Bitter because it brought a remembrance of the tortuous Trail of Tears, a shameful debacle in American history that cost so many innocent lives.
Bitter because the historic old structure on Red Hill Valley Road in southern Bradley County died a slow death at the hands of nature, age, weather and human neglect.
Bitter because time destroyed what man could have saved.
Yet sweet because the dissassembling of each decaying log brought volunteers a step closer to rebuilding the historic landmark so that its rightful place in Bradley County history can be maintained and its memory preserved.
Yet sweet because the decision to return the structure to bare earth shows a renewed commitment to give the rustic icon a rebirth, one that will make it better and one that will send a message of hope to future generations.
Yet sweet because the action affirms people still care, that they are willing to work together to achieve a common good and that anything is possible when hearts and minds of a collective conscience choose to work in unison rather than apart.
We hope you saw our story and photographs published on the front page of the Feb. 24 edition. As written by Managing Editor David Davis, some 30 volunteers with big hearts gathered at the Flint Springs site to take the cabin to the ground, but they did so respectfully while preserving a deep measure of integrity for the history and symbolism of the tiny structure.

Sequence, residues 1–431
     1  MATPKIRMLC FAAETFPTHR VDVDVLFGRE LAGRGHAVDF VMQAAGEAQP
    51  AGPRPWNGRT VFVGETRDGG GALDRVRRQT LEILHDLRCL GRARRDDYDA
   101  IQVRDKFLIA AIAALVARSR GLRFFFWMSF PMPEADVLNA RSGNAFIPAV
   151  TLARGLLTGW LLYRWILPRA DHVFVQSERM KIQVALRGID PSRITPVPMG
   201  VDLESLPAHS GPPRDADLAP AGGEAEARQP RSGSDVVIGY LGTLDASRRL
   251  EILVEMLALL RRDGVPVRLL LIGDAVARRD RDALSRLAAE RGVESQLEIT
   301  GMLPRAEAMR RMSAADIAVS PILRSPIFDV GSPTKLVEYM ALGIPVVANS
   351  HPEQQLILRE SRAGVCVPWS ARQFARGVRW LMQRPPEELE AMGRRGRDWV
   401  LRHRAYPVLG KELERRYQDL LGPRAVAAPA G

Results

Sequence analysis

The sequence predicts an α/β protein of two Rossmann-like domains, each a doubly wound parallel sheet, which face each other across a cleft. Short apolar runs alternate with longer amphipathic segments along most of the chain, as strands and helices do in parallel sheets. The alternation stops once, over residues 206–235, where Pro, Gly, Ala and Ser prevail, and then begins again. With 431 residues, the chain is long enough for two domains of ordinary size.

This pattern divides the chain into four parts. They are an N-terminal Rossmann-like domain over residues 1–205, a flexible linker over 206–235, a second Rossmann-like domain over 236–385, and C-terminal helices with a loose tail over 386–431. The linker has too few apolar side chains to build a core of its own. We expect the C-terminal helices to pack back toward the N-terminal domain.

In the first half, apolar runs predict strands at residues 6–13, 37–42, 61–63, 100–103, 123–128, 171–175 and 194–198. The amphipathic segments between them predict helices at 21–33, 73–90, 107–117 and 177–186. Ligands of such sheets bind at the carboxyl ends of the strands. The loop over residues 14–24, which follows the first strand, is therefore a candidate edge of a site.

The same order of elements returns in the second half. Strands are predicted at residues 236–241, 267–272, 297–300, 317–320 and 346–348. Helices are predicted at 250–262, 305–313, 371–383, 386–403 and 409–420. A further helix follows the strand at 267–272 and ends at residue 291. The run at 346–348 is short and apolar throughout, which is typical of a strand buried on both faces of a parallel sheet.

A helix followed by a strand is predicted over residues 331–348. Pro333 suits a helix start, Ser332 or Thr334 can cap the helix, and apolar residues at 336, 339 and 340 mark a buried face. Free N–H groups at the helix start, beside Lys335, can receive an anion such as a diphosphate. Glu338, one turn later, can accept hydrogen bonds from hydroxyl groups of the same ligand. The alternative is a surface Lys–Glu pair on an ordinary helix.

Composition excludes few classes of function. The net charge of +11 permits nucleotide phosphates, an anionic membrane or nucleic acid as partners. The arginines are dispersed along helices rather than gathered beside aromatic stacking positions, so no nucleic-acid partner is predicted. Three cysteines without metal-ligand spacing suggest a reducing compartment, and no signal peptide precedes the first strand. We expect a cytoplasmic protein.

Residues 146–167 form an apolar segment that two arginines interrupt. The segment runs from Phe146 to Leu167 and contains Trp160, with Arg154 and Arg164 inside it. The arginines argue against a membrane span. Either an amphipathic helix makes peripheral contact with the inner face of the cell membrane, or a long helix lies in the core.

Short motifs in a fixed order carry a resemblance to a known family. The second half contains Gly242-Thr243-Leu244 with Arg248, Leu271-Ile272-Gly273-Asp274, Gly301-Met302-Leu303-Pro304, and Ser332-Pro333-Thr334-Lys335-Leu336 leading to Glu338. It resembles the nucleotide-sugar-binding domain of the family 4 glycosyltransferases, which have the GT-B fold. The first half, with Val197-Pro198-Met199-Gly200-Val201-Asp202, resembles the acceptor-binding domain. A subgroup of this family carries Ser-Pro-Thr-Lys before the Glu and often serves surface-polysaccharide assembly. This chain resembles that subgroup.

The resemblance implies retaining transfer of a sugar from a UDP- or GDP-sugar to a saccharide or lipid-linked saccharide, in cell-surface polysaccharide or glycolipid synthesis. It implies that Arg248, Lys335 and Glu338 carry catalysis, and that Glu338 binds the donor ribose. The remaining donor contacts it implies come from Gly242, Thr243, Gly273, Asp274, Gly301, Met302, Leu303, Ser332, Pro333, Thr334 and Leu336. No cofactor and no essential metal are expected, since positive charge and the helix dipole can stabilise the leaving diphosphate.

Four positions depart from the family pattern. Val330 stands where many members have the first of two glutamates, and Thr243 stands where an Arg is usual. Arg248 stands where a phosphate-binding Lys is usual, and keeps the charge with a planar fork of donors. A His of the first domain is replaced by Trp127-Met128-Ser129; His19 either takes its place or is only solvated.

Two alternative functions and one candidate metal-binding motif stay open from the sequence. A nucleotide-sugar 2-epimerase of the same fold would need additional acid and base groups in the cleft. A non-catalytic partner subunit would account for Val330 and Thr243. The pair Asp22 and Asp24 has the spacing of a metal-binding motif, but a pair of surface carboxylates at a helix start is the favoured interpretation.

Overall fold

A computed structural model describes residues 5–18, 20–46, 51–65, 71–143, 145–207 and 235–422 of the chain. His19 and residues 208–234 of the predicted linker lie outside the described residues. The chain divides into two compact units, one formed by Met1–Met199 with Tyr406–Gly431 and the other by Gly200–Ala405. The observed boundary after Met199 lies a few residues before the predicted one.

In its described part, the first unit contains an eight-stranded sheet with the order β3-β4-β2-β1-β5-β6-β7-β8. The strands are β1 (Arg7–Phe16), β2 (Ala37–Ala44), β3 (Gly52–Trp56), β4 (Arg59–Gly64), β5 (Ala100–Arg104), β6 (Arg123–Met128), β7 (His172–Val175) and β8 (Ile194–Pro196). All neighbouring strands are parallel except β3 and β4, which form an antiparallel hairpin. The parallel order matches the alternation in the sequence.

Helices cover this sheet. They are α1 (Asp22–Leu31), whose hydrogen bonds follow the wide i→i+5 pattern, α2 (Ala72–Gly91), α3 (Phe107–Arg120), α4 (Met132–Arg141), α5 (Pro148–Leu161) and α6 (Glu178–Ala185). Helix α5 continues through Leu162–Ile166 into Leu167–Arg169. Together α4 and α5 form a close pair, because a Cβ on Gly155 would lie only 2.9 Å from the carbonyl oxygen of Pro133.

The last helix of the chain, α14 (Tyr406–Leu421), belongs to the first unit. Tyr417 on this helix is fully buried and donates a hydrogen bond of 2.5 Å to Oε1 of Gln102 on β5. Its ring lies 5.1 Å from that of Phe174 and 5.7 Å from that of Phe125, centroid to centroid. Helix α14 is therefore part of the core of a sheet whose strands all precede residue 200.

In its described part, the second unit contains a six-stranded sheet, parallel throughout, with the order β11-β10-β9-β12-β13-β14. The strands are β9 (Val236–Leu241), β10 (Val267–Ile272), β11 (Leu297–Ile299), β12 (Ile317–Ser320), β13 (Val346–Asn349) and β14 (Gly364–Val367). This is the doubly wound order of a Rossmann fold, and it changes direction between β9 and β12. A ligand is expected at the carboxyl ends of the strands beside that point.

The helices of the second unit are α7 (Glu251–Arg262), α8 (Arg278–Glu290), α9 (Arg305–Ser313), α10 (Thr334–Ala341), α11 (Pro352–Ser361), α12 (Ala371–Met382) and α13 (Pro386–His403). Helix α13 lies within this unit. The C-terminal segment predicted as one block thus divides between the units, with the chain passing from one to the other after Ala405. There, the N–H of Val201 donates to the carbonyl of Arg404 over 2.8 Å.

Volunteers came from Ocoee Region Builders Association, Eagles Landing Worship Center, Flint Springs Ruritan Club and a group of inmates from the Bradley County Jail. Central Park on Inman Street provided food for the day of labor.
One of the leaders was Dennis Epperson, representing Dennis Epperson Custom Homes and Developments. Last year Epperson contributed countless volunteer hours in trying to save the little cabin. We applaud his sentiments in choosing to return this historic one-room home to the living.
“Preserving the cabin will give this and future generations a better understanding of how our forefathers lived,” he said. “It is good to see so many people who understand the importance of keeping our past alive and who want to be involved in preserving the cabin.
As the cabin was dismantled, good (reusable) logs were placed into protective storage to keep them safe until the historic rebuilding. Damaged logs were taken to Tindell’s Building Materials in Cleveland. From there, they are being taken to the company’s log home products division in Sevierville where they will be replicated at no charge.
It is an endearing community effort that started four years ago with the backing of several leaders like Michael Willis and former Bradley County Commissioner Lisa Stanbery. The project was later supported financially and through materials by Volunteer Energy Cooperative, Richmond Construction, Vulcan Materials and the county commission, among others.
Local historian Debbie Moore has provided its history whose authenticity is yet another reason for the cabin’s preservation. It is believed the original structure was built by Andrew McDonough, a wagon maker in Apison, in the early 1820s. It was originally a two-story log cabin and later scaled back to only one story by a man named Roy Sedman. His son later donated one room to Bradley County to stand on Ross’ farm.
And the rest is history, one whose evolving chapters will eventually include the restoration of this comforting little corner of our past.